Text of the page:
Higher education is very high in labor cost and approximately 80 percent of the UNC General Administration budget in the past has gone towards personnel.
Does education matter? That is the title of an absolutely essential book by Professor Alison Wolf.
Yes, of course education matters. The author, who holds the Sir Roy Griffiths professorship of public sector management at King’s College, London, is not questioning whether education is good at all. Rather, she questions whether governmental efforts to expand “access” to higher education and public training programs are justified. The book’s subtitle – myths about education and economic growth – suggests that her answer is in the negative. It certainly is. In my view, Professor Wolf has given us one of the most useful books on education policy in many years because she quietly and carefully demolishes the conventional wisdom that it is imperative for government to “invest” more in higher education. After reading the book, I believe that most people will agree that the best we can do is to provide a solid education in each child’s early years and forget about trying to manage higher education and workforce training.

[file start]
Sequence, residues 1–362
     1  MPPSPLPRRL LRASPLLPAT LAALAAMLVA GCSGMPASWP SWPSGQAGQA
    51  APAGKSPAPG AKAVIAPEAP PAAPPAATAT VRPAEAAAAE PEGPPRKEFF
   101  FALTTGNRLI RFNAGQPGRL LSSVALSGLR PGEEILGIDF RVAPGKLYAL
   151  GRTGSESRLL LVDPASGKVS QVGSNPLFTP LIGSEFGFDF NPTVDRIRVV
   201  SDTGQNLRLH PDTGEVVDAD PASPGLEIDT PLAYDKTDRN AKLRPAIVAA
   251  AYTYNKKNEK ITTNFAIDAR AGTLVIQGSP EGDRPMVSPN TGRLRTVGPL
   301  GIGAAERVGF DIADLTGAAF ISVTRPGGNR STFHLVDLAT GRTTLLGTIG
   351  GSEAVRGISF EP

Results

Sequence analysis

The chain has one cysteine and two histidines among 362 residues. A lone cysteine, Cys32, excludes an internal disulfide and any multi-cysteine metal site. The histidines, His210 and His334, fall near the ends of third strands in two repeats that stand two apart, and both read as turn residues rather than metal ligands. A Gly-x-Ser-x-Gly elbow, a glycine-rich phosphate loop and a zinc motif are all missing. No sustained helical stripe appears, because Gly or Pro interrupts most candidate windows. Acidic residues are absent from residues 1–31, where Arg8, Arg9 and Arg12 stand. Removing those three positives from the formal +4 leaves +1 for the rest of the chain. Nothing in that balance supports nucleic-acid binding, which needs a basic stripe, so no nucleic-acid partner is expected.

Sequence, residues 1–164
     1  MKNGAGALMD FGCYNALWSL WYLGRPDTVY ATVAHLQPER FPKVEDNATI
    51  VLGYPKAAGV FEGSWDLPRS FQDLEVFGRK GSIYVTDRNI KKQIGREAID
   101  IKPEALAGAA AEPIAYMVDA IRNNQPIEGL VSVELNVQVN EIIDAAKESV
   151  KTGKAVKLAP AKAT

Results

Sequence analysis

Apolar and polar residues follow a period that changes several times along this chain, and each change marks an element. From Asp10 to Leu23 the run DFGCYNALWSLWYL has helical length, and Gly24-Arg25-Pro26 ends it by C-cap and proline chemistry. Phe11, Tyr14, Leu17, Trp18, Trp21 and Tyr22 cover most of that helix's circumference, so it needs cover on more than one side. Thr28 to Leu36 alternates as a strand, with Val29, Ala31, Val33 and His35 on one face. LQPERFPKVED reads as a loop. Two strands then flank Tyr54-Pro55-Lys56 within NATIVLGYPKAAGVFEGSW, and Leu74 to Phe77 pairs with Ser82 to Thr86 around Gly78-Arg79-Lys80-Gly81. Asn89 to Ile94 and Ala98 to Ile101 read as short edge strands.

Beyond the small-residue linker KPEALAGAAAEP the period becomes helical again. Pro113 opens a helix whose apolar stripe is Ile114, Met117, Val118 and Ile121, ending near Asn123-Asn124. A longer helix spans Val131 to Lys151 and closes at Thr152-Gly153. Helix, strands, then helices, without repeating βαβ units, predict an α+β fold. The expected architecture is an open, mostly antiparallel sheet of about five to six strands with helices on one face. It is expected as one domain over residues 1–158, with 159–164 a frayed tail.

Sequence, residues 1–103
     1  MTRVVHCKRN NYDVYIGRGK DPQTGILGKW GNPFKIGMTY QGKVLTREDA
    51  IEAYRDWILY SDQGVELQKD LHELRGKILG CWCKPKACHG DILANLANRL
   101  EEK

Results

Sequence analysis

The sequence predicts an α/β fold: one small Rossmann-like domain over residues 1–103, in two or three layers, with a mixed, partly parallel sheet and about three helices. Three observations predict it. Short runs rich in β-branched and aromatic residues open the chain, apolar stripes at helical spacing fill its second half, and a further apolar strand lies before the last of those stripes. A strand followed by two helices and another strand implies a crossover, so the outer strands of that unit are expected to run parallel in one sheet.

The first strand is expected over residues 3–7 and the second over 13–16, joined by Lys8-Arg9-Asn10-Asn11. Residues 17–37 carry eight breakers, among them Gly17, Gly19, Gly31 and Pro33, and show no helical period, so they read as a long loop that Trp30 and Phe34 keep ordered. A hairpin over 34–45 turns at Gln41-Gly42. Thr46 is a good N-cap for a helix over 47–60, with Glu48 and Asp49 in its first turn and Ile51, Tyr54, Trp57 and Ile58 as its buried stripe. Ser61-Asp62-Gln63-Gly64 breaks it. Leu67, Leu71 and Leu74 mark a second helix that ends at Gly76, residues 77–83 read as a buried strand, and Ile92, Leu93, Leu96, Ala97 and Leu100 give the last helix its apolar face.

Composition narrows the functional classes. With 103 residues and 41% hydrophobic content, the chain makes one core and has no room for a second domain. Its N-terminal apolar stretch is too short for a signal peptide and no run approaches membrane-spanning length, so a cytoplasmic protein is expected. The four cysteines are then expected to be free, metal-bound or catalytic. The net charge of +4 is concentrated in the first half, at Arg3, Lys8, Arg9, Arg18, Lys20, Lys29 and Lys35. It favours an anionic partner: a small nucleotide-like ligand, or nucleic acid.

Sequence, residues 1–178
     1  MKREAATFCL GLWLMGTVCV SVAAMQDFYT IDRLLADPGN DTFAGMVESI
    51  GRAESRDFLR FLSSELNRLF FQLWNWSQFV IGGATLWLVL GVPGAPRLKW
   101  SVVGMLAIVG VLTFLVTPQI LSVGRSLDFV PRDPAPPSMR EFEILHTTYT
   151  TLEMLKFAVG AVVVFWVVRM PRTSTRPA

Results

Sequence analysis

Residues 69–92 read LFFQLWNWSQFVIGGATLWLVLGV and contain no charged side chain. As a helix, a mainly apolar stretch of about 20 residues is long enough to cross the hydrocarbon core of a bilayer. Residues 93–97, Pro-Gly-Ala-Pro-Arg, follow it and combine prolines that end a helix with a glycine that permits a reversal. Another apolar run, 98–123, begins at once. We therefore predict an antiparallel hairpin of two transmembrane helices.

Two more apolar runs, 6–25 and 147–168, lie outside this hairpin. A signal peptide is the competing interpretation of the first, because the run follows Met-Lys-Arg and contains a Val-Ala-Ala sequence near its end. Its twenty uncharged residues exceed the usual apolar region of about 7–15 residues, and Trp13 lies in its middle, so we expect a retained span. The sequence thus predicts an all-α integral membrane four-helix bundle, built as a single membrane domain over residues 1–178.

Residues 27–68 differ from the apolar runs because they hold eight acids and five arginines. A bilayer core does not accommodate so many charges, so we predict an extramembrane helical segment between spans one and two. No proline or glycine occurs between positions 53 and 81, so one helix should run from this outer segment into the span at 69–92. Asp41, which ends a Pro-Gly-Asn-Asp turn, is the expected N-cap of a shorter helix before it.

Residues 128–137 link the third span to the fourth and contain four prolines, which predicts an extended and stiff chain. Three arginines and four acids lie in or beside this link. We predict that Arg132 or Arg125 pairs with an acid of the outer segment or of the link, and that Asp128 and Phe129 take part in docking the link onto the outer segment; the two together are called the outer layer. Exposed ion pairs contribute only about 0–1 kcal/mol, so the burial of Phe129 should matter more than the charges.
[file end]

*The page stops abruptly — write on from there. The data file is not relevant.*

At some point today, legislators will give final approval to the budget compromise that was hatched out before the Fourth of July weekend. It marks the end of the budget process that began in May and extended just days past the start of the 2007 fiscal year.
Like any governmental budget, this one has enough pork to make a pig farmer smile. This year’s higher education budget contains many generous helpings.